How to Stop Overthinking Things: A User’s Manual for Your ADHD Brain
The ADHD brain worries too much about “what ifs” and “could bes.” You need strategies to calm your anxiety, reset your compass, and get back to sleep at night.
Reviewed on April 26, 2019
We all have days when we don’t get much done because we’re troubled by something that’s taken over our mind. Such ruminations may be triggered by someone looking at us funny while commuting on the bus (“Do I have mascara or shaving cream on my face?”) or waiting for blood test results (“OMG, what diseases do I have?”). It’s difficult to quiet the attention deficit disorder (ADHD or ADD) brain when it is stewing about something, but here are strategies that work for me.
1. Write Away Your Worry
I’m pretty good at taking criticism. I see it as a learning opportunity. But if I get blamed for something that’s not my fault, I can spend the day having a toxic conversation in my head with the person who blamed me.
To put the brakes on this nagging worry, I tell myself that I will not let that person “rent space” in my head or take me hostage emotionally. Instead, I write about it later, when I am calm. Journaling is a great tool to process my emotions and help me figure out something I can do to rectify the situation—or if I should just let it go and move on.
2. Take Some Action, However Small
Much of our fretting can be diminished by taking action. If you’re worried about your health, make an appointment with your doctor to get a checkup and discuss your concerns. Ask for advice on ways to develop healthier habits.
3. Talk Things Over with a Friend
Talking a problem over with a friend quiets racing thoughts. She might have helpful advice to put your worries in perspective. Even if your concern is an annoyance that can’t be fixed, sharing your worry will help you feel better. A problem shared is a problem cut in half.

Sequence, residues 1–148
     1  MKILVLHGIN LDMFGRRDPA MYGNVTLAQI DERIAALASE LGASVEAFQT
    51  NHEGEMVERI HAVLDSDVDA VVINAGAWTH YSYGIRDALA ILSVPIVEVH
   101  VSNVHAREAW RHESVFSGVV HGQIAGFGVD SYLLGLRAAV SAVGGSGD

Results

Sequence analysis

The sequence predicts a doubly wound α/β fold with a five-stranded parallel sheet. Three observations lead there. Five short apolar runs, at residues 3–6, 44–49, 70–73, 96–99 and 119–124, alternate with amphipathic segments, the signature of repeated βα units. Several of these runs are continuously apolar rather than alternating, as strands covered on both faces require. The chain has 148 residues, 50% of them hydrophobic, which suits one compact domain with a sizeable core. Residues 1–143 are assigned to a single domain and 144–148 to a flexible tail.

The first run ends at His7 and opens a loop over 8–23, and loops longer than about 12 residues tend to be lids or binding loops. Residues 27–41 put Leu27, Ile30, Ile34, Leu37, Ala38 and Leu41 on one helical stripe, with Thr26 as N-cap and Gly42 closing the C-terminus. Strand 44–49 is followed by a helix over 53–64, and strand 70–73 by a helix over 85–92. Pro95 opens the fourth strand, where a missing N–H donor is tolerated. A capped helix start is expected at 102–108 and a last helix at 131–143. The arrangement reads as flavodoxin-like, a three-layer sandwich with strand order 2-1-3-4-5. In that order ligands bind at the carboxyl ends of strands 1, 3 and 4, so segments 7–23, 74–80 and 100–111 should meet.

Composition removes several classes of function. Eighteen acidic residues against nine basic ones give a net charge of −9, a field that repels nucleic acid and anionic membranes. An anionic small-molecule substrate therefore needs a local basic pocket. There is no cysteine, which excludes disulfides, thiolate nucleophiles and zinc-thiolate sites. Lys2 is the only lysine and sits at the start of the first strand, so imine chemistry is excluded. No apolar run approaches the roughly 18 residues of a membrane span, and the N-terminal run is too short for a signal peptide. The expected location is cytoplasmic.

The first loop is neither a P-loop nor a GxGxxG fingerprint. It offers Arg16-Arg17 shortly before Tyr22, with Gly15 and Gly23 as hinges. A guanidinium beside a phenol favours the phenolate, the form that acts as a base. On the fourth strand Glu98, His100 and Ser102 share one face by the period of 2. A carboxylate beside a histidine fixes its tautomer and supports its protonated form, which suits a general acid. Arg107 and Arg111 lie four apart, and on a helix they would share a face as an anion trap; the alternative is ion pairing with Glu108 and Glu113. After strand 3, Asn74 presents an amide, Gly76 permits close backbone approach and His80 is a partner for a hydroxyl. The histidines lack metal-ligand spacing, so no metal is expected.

4. Shift Your Perspective
Some of our worries stem from unrealistic expectations of ourselves, so we need to adjust our goals or re-frame our negative thoughts more positively. Instead of fussing over a parking ticket all day, remind yourself that you’re human and aren’t perfect. Reframe a disaster into a reminder to read parking signs more carefully. If it’s other people that bother you, remind yourself that you can’t expect perfection in an imperfect world.
5. Create a Kudos File
I have many achievements to be proud of, but when I fail at something, I can feel sorry for myself until I do something to bolster my self-esteem. Over the years, I have put together a “kudos file” to use for these times. It’s a collection of thank-you cards, appreciative letters, emails from satisfied clients, and medals from races I finished despite terrible weather. Poring over these things can stop the voice in my head that wants to dwell on my mistakes.
6. Find Medical Help
The worry habit is often due to insecurities about being liked or having screwed something up. Everyday stressors, perfectionism, and unpredictable situations bring it on, but the cause can run much deeper, involving past trauma, codependency, or neuroticism. Find help to get to the root of the problem.
7. Practice Mindfulness
Sometimes we don’t need an external trigger to start worrying. All we have to do is think too much about things that haven’t happened yet. The uncertainties of life can be a big distraction. Practicing mindfulness by meditating or doing breathing exercises is beneficial in quieting those “what ifs” that consume our thoughts.
8. Engage in Healthy Distraction
Distracting oneself is the quickest way for most to stop ruminating. The trick is to find the distraction that works for you. I keep a coloring book and crayons in my desk drawer. I get them out when I realize I have been staring at my computer screen for too long and haven’t touched my keyboard, often because I’ve been having a conversation in my head with customer support about my slow Internet speed.
External distractions can be annoying and sidetrack you from what you have to stay focused on, but you can always take steps to minimize them by closing your door or wearing a noise-blocking headset. It’s the internal distractions that are the most challenging for the ADHD brain.